From pet project to full time job
Vapor is headed by Tanner Nelson and Logan Wright, and as of the 25th of August they are assisted by more than 40 voluntary and passionate contributors on Github directly. Vapor has been making itself known on the large repository site, by harvesting an unusual amount of Stars and Forks compared to the project’s age.
»Apart from helping the open-source community, and having the Vapor framework available for our own developers, we’re also aware of the aspect of employer-branding by investing in Vapor. The developers interested in this framework are very much individuals we would like to put on our shortlist of potential employees.« explains Casper Rasmussen.
He continues, »We never intended this investment leading to Vapor becoming a ‘Corporate’ project, even if we are paying for Vapor 1.0 can be ready for Swift 3.0’s release in september. We are very interested in keeping the framework part of an open community and attracting the talents naturally seeking open-source solutions.«
What sets Vapor apart from similar frameworks are some more technical aspects, such as the possibility of programming all server related code as well in Swift. There’s also a security benefit since the framework compiles with a plethora of safety features, usually not available in open-source languages.
»Most of the popular web development frameworks are not utilizing a runtime. With Swift and Vapor, we have seen some exceptional benchmarks, with speeds up to 50-60 times what we normally experience. With a runtime we can also utilize the server resources more efficiently, and unlike scripts, there’s no need to restart our services either.« Casper Rasmussen explains.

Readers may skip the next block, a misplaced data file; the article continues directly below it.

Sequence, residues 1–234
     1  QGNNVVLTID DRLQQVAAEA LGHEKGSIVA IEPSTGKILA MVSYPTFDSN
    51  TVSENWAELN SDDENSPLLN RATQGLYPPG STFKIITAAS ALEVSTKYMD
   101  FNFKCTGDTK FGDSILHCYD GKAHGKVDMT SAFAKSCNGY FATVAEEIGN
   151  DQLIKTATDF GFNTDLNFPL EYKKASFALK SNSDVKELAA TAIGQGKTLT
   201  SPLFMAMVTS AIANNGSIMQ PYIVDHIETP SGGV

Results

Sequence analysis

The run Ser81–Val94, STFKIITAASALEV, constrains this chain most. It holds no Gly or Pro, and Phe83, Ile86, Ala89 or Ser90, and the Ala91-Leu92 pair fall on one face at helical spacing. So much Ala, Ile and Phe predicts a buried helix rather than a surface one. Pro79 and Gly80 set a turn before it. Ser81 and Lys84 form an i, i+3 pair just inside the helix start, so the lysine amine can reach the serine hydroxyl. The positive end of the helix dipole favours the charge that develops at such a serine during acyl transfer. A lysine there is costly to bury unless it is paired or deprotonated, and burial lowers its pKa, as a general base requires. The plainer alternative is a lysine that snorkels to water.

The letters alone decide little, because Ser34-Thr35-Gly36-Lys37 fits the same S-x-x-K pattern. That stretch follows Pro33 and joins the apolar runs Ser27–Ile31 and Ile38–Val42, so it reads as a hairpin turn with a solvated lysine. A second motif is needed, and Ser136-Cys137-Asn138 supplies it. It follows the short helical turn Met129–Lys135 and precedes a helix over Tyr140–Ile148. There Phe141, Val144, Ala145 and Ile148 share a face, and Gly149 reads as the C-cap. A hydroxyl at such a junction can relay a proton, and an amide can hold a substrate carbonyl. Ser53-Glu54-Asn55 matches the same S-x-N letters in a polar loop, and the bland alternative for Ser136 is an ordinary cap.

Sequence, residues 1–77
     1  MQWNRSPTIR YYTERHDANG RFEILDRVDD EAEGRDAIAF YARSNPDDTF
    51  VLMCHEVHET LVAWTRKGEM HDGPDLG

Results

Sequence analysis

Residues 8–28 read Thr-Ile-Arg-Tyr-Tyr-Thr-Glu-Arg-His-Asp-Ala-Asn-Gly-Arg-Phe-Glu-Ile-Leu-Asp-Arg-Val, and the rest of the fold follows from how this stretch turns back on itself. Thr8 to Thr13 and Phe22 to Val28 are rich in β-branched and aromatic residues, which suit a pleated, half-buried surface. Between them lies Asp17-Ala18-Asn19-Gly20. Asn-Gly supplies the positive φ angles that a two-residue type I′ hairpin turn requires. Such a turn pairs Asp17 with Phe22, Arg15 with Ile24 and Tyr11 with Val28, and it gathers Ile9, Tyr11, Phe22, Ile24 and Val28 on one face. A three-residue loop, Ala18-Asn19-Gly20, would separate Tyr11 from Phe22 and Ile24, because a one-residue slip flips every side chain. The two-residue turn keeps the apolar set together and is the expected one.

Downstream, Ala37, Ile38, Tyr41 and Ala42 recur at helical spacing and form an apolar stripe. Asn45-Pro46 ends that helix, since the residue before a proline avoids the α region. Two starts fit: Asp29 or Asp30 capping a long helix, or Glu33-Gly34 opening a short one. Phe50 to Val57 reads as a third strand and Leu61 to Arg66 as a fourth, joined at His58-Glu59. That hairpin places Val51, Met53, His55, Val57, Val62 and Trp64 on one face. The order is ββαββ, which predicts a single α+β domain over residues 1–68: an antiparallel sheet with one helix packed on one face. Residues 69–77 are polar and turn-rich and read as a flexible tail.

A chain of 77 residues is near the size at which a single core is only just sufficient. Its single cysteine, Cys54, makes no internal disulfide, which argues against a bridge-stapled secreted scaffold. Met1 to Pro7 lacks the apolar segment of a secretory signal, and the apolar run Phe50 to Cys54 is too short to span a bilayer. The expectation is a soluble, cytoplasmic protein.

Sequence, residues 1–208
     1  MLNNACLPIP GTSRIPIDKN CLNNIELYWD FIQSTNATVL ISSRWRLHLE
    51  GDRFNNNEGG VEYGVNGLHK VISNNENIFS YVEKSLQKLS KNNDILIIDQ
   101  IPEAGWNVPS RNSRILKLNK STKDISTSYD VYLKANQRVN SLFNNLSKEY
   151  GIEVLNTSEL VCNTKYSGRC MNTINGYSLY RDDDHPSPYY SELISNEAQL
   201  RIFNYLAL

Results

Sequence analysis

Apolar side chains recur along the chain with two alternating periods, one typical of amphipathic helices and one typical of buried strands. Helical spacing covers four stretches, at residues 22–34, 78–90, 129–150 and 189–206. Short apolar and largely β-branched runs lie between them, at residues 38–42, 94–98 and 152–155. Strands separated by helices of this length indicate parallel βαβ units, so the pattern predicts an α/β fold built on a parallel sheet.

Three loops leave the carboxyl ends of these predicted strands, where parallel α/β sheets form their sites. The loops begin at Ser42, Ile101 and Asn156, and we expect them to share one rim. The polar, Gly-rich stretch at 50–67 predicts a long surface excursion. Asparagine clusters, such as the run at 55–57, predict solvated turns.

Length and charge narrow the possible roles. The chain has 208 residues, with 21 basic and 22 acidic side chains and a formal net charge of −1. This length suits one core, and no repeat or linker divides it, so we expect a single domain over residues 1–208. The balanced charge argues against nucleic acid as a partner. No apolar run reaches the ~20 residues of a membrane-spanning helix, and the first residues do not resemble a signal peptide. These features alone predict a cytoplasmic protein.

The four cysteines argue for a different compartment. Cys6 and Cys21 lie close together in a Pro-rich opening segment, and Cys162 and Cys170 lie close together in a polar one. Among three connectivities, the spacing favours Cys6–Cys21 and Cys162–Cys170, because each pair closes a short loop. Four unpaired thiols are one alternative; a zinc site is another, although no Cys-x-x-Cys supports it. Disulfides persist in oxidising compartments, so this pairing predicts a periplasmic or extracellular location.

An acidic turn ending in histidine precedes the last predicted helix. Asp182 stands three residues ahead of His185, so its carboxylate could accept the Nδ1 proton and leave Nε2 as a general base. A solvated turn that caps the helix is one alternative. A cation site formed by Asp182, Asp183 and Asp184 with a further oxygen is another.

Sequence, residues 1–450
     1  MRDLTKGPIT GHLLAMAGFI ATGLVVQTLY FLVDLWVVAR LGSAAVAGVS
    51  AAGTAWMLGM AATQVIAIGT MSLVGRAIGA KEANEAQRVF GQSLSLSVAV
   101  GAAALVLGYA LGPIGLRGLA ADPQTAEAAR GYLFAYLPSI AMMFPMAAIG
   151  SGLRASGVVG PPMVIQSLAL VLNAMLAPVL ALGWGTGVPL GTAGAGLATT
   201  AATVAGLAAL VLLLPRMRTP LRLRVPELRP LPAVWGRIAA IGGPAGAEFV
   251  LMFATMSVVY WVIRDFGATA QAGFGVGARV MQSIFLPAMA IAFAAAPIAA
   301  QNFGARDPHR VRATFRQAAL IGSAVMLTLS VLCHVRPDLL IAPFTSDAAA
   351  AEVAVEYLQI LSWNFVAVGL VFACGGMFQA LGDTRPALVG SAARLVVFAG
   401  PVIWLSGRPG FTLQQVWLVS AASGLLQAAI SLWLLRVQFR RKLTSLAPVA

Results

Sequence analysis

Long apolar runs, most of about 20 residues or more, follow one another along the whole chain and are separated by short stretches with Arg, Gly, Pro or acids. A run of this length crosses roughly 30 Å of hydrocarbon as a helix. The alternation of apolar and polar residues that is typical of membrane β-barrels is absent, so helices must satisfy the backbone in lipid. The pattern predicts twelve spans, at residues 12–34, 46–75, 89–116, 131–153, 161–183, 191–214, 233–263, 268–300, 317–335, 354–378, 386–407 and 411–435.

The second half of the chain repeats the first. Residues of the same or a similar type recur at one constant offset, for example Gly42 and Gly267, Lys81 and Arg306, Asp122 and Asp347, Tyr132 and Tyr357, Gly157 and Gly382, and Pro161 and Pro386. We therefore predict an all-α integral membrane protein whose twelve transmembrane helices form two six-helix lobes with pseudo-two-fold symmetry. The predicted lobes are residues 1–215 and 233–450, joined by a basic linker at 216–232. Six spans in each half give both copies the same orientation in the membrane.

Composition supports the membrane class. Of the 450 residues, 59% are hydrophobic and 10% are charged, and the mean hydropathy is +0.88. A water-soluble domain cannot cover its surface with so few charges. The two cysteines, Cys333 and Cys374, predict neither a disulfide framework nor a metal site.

The future of frameworks
According to Casper Rasmussen, established frameworks such as .Net and Java suffers from the fact that they have been on the market for a long time, more than 20 years in the case of Java. Twenty years have seen an incredible number of changes in the world of development, and the code is significantly ‘heavier’ and carries many outdated ways of handling things. Even Node.js which saw the first light of day back in 2009 has it’s own issues such as being less strict, but the most important is the fact that Nodes.js was not designed for server-side development, which in today’s markets have become an important factor.
Swift, Vapor and similar frameworks have been designed within the past 2 years, and have stood on the shoulders of the aforementioned technologies and languages, and even with the compact codebases compared to the older framework it is possible to code most of the things you could code in .Net or Java.
The tendency of consolidating coding languages and frameworks into just a few, compared to the large number of possible choices developes currently have, makes sense for several reasons, and Nodes is far from the only developers doing this. This post by whoishiring.io, provides some good insight into what current job seekers are looking for with regards to languages, although the sample date seems to just stem from that job-site, it should serve the purpose well.